Players are limited by the game's speed early on but the pace intensifies as the levels increase.
"At the lower levels, you can't play the game faster than it will let you, really," he said. "But from [level] 400 onwards, the delays between pieces start becoming really small. If you want, you can manually lock the pieces down very quickly. The game lets you play pretty fast at that point, so if you try to go faster than you can mentally handle, you might [make a mistake]. If you make a mistake, it'll kill your time trying to cover and clean it up in that section. That could be enough to miss the cool for that section and your run is over, basically."
Once the game's running at maximum speed, the player's approach changes completely.
"The game goes," he said, "from these speedrun-style perfect placements—putting pieces in places that require the least amount of inputs at the start of the game—to a pure input speed game at the end. No other Tetris even comes close to that kind of depth."
It's barely noticeable, but Birrell shakes his head. He believes he's screwed up, dooming his run.
He asks someone nearby to check and see if he's missed a "cool!" If it's true, he'll have to make up for it by going faster.
"I thought I might have missed the cool entirely," he said. "That's the thing. It doesn't even have to be screwing up a stack. It could just be that you had a really fast section before, and maybe you had to pause mentally for just a little bit for one of the pieces in the next section. Then, you lost a second there. You had to pause a little bit for another one."
He didn't miss it, but he has to slow down.
This is what it looks like for Birrell to go "slow."
"Say you cleared a bunch of singles instead of tetrises," he said. "Then you've slowed your section down. It's tough because you have to hold back a little and not play as fast as you can, really, if you want to consistently get the cools. So if you make a mistake, you can go super turbo, slam the pieces down for the rest of the section, to make up for the time you lost."
We're nearing the finish line here. Birrell asks for silence.
"Yeah, it needs to be very quiet after this," he tells the audience. "It's going to get very hard."
"I can't believe I said that," he told me later. "There's so many speed runners who are like 'I need you guys to be quiet right now, this is a serious time.' I must just sound like a total blowhard asshole…but it's kind of true."
He was asking for silence because the invisible credits section was about to kick in….now.
This, my friends, is invisible Tetris. He's forced to play like this for an excruciating 58 seconds.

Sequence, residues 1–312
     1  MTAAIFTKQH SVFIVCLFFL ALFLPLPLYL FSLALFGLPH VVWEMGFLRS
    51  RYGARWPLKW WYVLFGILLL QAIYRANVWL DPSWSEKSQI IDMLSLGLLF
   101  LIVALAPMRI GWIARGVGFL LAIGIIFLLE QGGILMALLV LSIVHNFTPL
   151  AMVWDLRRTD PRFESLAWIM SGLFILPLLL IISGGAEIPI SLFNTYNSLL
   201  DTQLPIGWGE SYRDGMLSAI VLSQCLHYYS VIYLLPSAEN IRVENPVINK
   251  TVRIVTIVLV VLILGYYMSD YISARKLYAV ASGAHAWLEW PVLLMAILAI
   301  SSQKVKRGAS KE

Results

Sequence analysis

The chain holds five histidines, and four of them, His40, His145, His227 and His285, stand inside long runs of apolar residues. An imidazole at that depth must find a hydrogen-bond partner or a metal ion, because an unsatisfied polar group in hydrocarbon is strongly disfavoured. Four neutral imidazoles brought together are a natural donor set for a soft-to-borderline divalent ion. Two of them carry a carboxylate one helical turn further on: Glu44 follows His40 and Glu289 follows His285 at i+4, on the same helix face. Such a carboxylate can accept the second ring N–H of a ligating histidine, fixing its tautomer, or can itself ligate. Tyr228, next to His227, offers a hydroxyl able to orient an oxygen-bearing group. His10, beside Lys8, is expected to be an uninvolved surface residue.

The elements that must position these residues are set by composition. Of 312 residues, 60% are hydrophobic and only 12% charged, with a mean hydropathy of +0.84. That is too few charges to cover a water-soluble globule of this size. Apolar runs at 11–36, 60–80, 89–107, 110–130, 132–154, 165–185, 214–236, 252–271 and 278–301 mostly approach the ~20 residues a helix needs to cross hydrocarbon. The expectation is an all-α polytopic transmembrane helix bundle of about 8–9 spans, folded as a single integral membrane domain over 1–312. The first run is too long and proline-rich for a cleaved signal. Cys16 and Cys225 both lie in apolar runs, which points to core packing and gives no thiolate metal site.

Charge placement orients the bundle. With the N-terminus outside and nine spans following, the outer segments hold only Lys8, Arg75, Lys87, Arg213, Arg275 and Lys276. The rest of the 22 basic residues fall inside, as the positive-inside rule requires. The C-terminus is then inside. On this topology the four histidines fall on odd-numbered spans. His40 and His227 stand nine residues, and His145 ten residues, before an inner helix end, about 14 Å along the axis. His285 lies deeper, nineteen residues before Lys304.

"The invisible rule is brain-frying," he said. "When I first learned about the invisible rule, when I was training—[it was] maybe like two months before I could start clearing it. It just fried my brain. I felt almost ill when I was practicing it. It's such a weird thing to memorize the stack."
This whole section is incredible to watch. While it requires an insane amount of practice and concentration, Birrell said people assume too much about how much he's truly memorizing.
"There's a couple of techniques I use to help BS my way through it," he said. "Assuming I haven't made any significant mistakes, [I] just memorize the layout of the top of the stack—the shape of the outline of the top. The outline of the stack has a little white line around it. I pretty much just memorize that during the credit roll. I don't think about anything below. A lot of people think the invisible roll is crazy because 'how do you memorize the whole playing field?' You don't. You memorize the relative heights of ten columns. If you think about it, it's not that much to memorize. Assuming you don't make any mistakes. [laughs] That's the critical part. You're playing at the maximum speed of the game."
It's impossible for human eyes to notice, but as he nears the finish line, he makes a mistake.
"I must have [created] a hole in the playing field," he said. "which made things really difficult. If you don't know what column it's in, then you run into real trouble. You're relying on a piece going where you think it's going to go. If the piece gets caught in a hole, then you have such little time to react. What do you do? [laughs] If I don't know where a hole is, I'll place a piece in a column and jiggle it left and right really quickly. I'll be sliding it to the left, it'll get caught in a hole, and I'll do a little right-left input on the joystick to see if it moves. If it doesn't move, then I know the hole is one-wide. I call it feeling your way around the play field."
It all goes according to plan, though. He pulls off master rank and the crowd goes wild.
"I felt like I was going to throw up before the run," he said. "Not because I was really nervous about performing, but this is the chance to get this game out there. No one knows about this game. We're totally unknown to the speed running community. The good feeling came from not letting myself down and not letting my community down. "